THE Prime Minister has rejected Oropouche East MP Dr Roodal Moonilal’s claim that the PNM is privatising justice in TT. Planning Minister Robinson-Regis has rejected Moonilal’s allegation that Dr Rowley was receiving a special executive grant for overseas travel.
In their respective budget contributions in the House of Representatives, both Rowley and Robinson-Regis countered Moonilal’s claims, in the budget debate. Both said Moonilal was using the Parliament to shield himself from questions in the public domain that he has to answer.
Rowley declared, “Every time he gets the opportunity to speak in this Parliament, he tries to defame or smear somebody on this side, especially your humble servant (me).”
He also claimed Moonilal uses his parliamentary speaking time “either directly or indirectly to treat with his personal problem with the police.” Rowley recalled that at least two weeks before the August 10 general election, a High Court judge spent three hours reading out a judgement about fraudulent conduct with grevious financial consequences to the people of TT, involving misconduct and allegations of misconduct by a number of people.
Referring to Moonilal, Rowley said, “That MP’s name was called 113 times in that judgement.”
He added that was “not in the context od badges of honour.”
Against that background, Rowley declared Moonilal’s objection to Government’s handling and funding of anti-corruption investigations is “beyond comprehension.”
He challenged Moonilal to defend himself in court and not in Parliament. Rowley explained there are some actions which cannot take place unless the prime minister approves them.
He disclosed that upon assuming office in September 2015, he met 500 tonnes of documents that represented matters left unattended to by his predecessor Kamla Persad-Bissessar. “I had to sign those documents.”
Rowley said his signature on those documents did not mean he had a personal interest in the matters they involved.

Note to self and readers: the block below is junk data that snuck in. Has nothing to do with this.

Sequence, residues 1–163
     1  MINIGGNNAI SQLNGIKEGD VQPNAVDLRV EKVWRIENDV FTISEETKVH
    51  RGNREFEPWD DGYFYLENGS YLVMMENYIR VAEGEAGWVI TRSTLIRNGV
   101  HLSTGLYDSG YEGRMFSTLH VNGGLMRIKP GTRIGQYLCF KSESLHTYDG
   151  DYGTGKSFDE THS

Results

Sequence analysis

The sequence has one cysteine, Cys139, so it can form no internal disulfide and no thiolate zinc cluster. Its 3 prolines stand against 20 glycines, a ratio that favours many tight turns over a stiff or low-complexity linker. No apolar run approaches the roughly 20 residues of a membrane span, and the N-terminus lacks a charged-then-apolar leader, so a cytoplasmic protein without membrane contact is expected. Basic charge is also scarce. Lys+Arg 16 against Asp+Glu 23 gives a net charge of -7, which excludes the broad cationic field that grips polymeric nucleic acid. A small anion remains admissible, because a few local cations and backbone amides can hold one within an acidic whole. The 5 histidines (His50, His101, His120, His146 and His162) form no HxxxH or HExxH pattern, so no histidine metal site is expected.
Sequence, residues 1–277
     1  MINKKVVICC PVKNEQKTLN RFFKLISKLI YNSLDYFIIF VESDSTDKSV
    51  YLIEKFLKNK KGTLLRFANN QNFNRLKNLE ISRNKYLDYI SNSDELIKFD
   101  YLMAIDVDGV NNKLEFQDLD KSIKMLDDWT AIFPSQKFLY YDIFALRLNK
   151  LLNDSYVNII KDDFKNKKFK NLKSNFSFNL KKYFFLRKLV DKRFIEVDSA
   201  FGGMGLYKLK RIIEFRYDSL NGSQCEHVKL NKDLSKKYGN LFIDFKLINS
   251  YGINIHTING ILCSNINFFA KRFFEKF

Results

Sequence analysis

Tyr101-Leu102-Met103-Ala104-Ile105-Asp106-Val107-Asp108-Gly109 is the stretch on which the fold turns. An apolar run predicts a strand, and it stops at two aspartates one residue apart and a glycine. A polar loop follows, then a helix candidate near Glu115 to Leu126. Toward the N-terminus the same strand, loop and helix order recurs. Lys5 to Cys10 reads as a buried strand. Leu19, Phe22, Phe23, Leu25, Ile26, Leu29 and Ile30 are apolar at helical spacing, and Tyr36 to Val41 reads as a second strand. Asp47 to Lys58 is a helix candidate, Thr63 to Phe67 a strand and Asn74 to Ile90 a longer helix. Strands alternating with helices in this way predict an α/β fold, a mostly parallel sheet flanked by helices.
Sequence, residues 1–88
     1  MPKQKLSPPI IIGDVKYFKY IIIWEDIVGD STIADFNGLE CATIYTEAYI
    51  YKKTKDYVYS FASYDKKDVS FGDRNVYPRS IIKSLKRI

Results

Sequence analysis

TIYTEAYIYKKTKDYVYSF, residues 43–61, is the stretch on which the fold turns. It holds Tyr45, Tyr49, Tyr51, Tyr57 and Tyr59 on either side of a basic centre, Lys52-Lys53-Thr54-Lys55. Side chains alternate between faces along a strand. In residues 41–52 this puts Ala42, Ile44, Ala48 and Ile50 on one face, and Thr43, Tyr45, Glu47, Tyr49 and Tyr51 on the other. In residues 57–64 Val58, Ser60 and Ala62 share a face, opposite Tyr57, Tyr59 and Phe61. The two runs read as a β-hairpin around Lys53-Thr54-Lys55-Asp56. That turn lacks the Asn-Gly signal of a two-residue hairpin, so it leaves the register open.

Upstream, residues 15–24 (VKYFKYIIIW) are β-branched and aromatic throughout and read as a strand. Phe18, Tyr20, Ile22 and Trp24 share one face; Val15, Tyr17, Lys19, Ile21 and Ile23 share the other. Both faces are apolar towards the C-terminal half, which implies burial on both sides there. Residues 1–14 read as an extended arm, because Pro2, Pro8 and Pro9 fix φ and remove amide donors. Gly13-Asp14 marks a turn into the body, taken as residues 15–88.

Referring to Moonilal’s specific claim about money paid to British law firm Edmonds Marshall McMahon, he declared, “I make no apologies for that. None whatsoever.”
In her contribution to the debate, immediately after Moonilal spoke, Robinson-Regis said it was “impossible for us to believe” that he is the Opposition’s national security spokesman.
On his claim that Rowley was the beneficiary of a special executive travel grant, Robinson-Regis said it was well known such allowances were discontinued under the Basdeo Panday administration.
Predicting that Opposition Leader Kamla Persad-Bissessar will remain in that position for the next decade, Robinson-Regis suggested she closely scrutinise the qualities of her own MPs and accept the UNC’s defeat in the election.
She said Persad-Bissessar could not speak about making personal sacrifices for the population when she used the national security helicopter like a taxi, at cost of over $6 million.
Robinson-Regis also claimed UNC parliamentarians abused the tax exemptions they were entitled to for buyingvehicles. Speaker Bridgid Annisette-George overruled objections from UNC MPs Rodney Charles, Khadijah Ameen and Saddam Hosein that Robinson-Regis was breaching the House’s Standing Orders. She warned Charles that he was coming close to doing so.